img_7138.jpgimg_7206.jpgimg_7224.jpg

    We were pretty lucky with the doors. One disappointing thing when we bought the house was that all the original doors had been replaced at some stage with standard (and in very bad condition) ply doors. As the months went by we got to know our neighbour really well and he had just finished a complete renovation of their place. They were doing a more modern reno so were replacing the solid 6 panel style original doors. As luck would have it, our 2 houses were built at the same time (20s) by the same builder, so they were the perfect match for our place. Win. Needed to trim all the doors and put up new jambs to suit (no drama cause the original jambs were beaten to hell and not plumb/level so had to replace anyway) and with the new door hardware on, the place is starting to look as it should. I still need to give them some TLC and new paint, but that can wait! Havent got a photo of the doors (I’ll wait till they’re cleaned up and painted first) but heres a photo of the door handle we’re using dodgily sitting there. Looks good.
    img_7212.jpg

    We went with a stepped profile for the skirts and arcs (180 + 90mm), and am really happy with the way these have come up. Not happy with the amount of effort I needed to go through to pack out the walls to get them straight/flush so that the skirts and archs sat correctly though. The result was worth it, but bloody annoying…
    img_7209.jpg


    More rubbish - kitchen and a small bedroom. Gone now luckily...
    img_7135.jpg

  33. #33
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    Default Floors - finally!

    Finally and what a ball ac$%...

    The original plan had been to re-use the original (150x22) Baltic pine boards. So a lot of effort went into pulling them up carefully, de-nailing them and storing them for close to a year. But I’ve got to admit I really don’t like BP boards! Plus I didn’t think they’d do the place justice because they were in pretty rough shape and the face width had shrunk over nearly 100 yrs so they were anything from 150mm to 145mm.



    But I do like old boards with feature/character. So after a lot of mucking around and false starts, what we did was source some re-claimed tas-oak boards (133x19) from a demolished house, get new tongues and grooved remachined into them and the faces skimmed. Final profile was 125mmx18mm. Not the cheapest solution but the end result is the old, aged wood with nice features look we were after. And, a brilliant fit/finish that I wouldn’t otherwise get.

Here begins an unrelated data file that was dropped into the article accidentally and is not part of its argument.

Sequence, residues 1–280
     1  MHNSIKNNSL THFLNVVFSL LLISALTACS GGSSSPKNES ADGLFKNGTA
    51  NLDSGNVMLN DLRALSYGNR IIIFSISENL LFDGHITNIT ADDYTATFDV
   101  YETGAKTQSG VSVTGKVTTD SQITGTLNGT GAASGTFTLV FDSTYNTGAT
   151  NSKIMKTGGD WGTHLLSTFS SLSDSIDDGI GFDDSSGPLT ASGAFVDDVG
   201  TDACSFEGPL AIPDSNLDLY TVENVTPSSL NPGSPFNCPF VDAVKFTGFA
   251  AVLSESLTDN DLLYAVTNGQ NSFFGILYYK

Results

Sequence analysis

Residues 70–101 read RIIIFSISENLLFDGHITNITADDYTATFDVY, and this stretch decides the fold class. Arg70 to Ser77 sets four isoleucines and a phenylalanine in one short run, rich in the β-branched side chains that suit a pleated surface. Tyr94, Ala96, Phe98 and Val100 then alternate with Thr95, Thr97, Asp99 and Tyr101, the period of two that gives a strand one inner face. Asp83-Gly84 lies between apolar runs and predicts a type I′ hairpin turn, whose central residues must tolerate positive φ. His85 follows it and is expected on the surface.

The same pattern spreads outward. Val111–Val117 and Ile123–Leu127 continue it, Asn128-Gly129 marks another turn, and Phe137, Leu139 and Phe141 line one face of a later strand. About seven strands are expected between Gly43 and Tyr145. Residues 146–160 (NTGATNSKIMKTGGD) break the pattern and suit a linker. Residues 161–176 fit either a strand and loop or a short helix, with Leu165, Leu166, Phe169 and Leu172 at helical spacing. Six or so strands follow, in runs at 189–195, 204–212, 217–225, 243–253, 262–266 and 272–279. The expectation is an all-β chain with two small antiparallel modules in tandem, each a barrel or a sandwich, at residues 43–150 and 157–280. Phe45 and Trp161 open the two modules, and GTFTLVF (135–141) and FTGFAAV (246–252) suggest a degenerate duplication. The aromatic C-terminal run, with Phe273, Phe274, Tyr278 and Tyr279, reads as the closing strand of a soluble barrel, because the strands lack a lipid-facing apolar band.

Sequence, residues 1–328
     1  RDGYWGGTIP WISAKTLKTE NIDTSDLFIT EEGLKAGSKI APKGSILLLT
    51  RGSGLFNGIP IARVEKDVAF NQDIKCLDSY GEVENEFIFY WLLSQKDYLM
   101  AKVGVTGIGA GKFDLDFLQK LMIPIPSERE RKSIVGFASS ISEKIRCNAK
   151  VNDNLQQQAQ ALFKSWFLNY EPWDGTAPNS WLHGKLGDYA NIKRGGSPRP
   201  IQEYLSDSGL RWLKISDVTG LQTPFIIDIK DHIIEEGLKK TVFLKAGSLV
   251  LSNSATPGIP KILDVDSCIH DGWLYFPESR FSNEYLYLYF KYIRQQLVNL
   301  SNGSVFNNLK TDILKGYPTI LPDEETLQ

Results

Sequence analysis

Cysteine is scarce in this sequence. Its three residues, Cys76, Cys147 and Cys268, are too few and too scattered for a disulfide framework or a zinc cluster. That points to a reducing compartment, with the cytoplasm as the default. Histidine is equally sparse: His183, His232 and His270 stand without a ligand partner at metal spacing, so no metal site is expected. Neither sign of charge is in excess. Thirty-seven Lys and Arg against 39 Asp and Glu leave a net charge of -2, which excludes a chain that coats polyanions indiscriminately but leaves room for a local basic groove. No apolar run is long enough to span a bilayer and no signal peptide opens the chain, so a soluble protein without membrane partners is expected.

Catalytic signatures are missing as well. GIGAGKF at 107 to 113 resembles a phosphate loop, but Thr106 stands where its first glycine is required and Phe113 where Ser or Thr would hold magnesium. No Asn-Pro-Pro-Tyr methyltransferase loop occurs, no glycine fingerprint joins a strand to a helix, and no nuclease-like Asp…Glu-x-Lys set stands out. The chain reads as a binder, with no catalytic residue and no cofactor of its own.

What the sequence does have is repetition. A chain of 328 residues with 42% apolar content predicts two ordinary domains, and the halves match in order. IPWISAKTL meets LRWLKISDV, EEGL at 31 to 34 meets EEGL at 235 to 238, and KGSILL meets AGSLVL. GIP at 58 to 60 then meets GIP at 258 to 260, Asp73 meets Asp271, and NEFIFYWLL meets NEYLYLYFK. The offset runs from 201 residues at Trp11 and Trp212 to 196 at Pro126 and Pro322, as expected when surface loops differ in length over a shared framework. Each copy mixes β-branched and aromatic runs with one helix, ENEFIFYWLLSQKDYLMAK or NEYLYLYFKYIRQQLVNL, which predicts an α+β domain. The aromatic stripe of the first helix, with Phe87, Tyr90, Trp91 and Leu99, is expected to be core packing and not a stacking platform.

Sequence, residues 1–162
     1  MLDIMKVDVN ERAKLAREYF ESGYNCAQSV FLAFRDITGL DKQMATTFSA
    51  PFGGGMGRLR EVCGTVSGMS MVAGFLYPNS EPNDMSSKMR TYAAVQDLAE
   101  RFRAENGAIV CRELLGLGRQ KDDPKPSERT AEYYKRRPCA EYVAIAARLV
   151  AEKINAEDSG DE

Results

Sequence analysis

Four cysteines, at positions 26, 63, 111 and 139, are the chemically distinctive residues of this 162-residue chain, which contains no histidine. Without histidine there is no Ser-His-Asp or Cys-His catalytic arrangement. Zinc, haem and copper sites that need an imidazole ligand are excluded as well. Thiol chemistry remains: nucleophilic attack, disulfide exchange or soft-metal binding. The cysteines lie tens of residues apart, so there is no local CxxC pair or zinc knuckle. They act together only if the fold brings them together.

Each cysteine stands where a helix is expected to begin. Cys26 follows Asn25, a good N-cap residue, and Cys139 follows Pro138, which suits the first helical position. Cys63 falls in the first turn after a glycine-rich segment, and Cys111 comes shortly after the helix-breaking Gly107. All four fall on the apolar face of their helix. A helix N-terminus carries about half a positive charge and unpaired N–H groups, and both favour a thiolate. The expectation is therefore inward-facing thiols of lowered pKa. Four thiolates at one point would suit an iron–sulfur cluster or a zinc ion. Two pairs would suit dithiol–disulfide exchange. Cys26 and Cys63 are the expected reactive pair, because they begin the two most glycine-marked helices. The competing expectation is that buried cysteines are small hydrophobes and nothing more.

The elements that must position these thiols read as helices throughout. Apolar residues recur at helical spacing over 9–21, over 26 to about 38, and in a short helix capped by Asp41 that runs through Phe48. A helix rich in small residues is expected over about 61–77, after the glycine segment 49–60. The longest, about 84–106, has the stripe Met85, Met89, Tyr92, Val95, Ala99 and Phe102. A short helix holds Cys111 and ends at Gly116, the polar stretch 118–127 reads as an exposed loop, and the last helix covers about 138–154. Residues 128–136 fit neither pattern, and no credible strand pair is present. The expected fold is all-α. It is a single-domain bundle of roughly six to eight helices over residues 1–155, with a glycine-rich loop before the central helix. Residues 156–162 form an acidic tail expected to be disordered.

The original plan was to lay the old BP boards myself and then get a pro into sand and coat. I even went and bought a shiny new Bostitch secret nailer for the job. The floors are down now, and its still sitting in its box never used. Never got to use it. Damn. After talking with a few floor guys and seeing other people’s thoughts on here, I knew I could do it myself but would get a better end result getting a pro to put them down, and more importantly, quicker! And quicker is very important at the moment – weekends just seem to vanish at the moment! The cost involved vs the time it would take me was a no-brainer. It just wasn’t worth doing it myself. I was going to use Dusty (from here) but he’s based down south of Melb, and we’re inner north, plus he was flat out with other jobs so unfortunately that wasn’t going to work. Luckily he put me onto another crew (son+father) he knew and they’ve ended up doing a great job.



    The floors have been down for a while now, but only got coated on the weekend. They’ve come up brilliantly – if you ask me! We went with Synteko Classic in matt finish. The photos still show it with a bit of a gloss sheen to it, but in the flesh it has this great flat finish to it with just a little lustre. The photos over-accentuate the warm/orange colour, in the flesh it’s a lot blonder than this. The colours/features of the timber have come up great. Happy days.

    Attached Thumbnails Attached Thumbnails img_5555.jpg   img_7045.jpg   img_7142.jpg   img_7144.jpg   img_7148.jpg  

    img_7149.jpg   img_7157.jpg  

  34. #34
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    Default Kitchen – about bl00dy time!